Willie Snead IV already has more receiving yards than he did last season. But if you measure the veteran wide receiver simply by statistics, you're missing the bigger picture.
"I'm seeing from Willie what we always get from Willie," Head Coach John Harbaugh said. "He's an incredibly steady player, a very consistent player. He's in the right spots, he'll make tough catches, he does the dirty work as far as blocking, he's always prepared.
"He's a guy you can count on, and those are the kind of guys you've got to have out there. In those kinds of games, the guys who you can count on to be in the right spot, do the right thing, make the good, solid play, that's invaluable. And players need to understand that. That's what he does. Willie is exceptional at that."
With the Ravens (6-3) dealing with significant injuries and battling for a playoff spot with seven games remaining, Snead's presence (25 catches, 356 yards, three touchdowns) is critical to the Ravens down the stretch. Fourteen of his receptions have come over the last three games, and Snead scored both Baltimore touchdowns during their 23-17 loss to the New England Patriots on Sunday night.
Now in his seventh NFL season, Snead entered the league as a guy who wasn't expected to make it. He was undrafted rookie from Ball State who was cut by both the Cleveland Browns and Carolina Panthers as a rookie in 2014 before he stuck with the New Orleans Saints. Some receivers were faster. Others were bigger. But few were more determined.
Nothing has come easy for Snead in the NFL, and the remainder of the season won't be easy for Baltimore. But this is Snead's kind of situation. He's built to handle adversity, and he still believes the 2020 Ravens are built that way, too. He is the team's most experienced receiver, and he knows how to put the highs and lows of a long season into perspective.
"I don't think this loss is going to define our season by any means," Snead said following Sunday's game. "I give the Patriots a lot of credit. They did what they had to do to win the game. We just have to be better, and I think we will continue to take strides in the passing game [and] offensively as a whole, and we'll get better from this.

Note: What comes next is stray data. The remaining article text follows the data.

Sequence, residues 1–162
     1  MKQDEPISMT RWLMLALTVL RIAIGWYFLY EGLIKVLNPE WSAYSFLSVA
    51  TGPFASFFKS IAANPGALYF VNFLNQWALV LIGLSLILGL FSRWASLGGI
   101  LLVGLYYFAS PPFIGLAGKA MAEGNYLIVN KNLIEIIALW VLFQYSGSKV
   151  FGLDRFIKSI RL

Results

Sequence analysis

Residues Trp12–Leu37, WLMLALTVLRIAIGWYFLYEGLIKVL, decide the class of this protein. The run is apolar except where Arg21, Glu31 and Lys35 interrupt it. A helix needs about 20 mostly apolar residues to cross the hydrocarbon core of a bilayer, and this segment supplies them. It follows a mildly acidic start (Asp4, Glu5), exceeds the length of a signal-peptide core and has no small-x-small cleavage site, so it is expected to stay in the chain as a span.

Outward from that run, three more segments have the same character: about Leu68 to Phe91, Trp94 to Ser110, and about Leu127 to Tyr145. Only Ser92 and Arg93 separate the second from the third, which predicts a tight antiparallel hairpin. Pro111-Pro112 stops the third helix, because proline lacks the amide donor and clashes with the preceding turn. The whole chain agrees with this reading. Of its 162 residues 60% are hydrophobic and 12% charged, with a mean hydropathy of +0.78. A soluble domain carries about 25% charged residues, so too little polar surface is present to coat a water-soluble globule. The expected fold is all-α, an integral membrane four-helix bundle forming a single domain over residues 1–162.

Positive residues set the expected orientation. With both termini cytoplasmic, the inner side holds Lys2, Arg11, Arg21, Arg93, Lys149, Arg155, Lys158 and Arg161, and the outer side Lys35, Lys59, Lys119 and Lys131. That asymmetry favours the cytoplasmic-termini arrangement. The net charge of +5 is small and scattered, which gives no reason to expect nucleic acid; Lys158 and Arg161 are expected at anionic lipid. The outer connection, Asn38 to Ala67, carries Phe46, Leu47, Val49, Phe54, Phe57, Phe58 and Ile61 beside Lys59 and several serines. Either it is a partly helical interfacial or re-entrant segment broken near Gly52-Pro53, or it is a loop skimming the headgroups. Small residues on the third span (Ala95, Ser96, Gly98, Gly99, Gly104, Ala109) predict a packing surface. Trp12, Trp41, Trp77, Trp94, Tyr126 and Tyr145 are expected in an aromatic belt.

"We're going to find out about the mold of this team – offense and defense. I think a lot of guys that are going to have to step up, they will step up, and they will show they can make an impact on this team – whoever that may be."
One of the keys to Snead's success is his knowledge of the game. He's the son of a football coach, Willie Snead III, and he won a state championship playing for his dad at Holland Christian School in Michigan. Snead still works out with his father during the offseason, and he reported to training camp in the best shape of his career.
Speed's increased athleticism has been evident on the field. His first score Sunday came on a 6-yard jet sweep, a play that amplified Snead's determination to reach the end zone. After taking the toss from Lamar Jackson, Snead outran John Simon to get outside, brushed off an attempted tackle by Jonathan Jones near the goal line and squeezed just inside the pylon before Devin McCourty could push Snead out of bounds.
Snead's second score was an 18-yard reception from Jackson, after Snead found a soft spot in the Patriots' zone coverage. It was raining hard at this point of the game, and Snead made sure on the catch, using his body and arms to cradle the football.
Snead established himself as an NFL receiver with the Saints, catching 69 passes for 984 yards in 2015 and 72 catches for 895 yards in 2016. In his first season with the Ravens in 2018, Snead caught 62 passes for 651 yards, and he adjusted quickly when the Ravens dramatically changed their offense when Jackson took over as the starting quarterback. Snead knew Jackson was an extraordinary talent who could lead them to wins as a dual threat quarterback. Snead also knew his ability to get open, along with his blocking and toughness, would fit into the system well.
That has proven to be true, and now Snead remains focused on helping the Ravens finish the season strong. Losing tight end Nick Boyle for the season Sunday will force the offense to make more adjustments, but Snead remains optimistic. He always is.
"I'm excited to see what happens for us," Snead said. "We're 6-3; we're still in a good spot."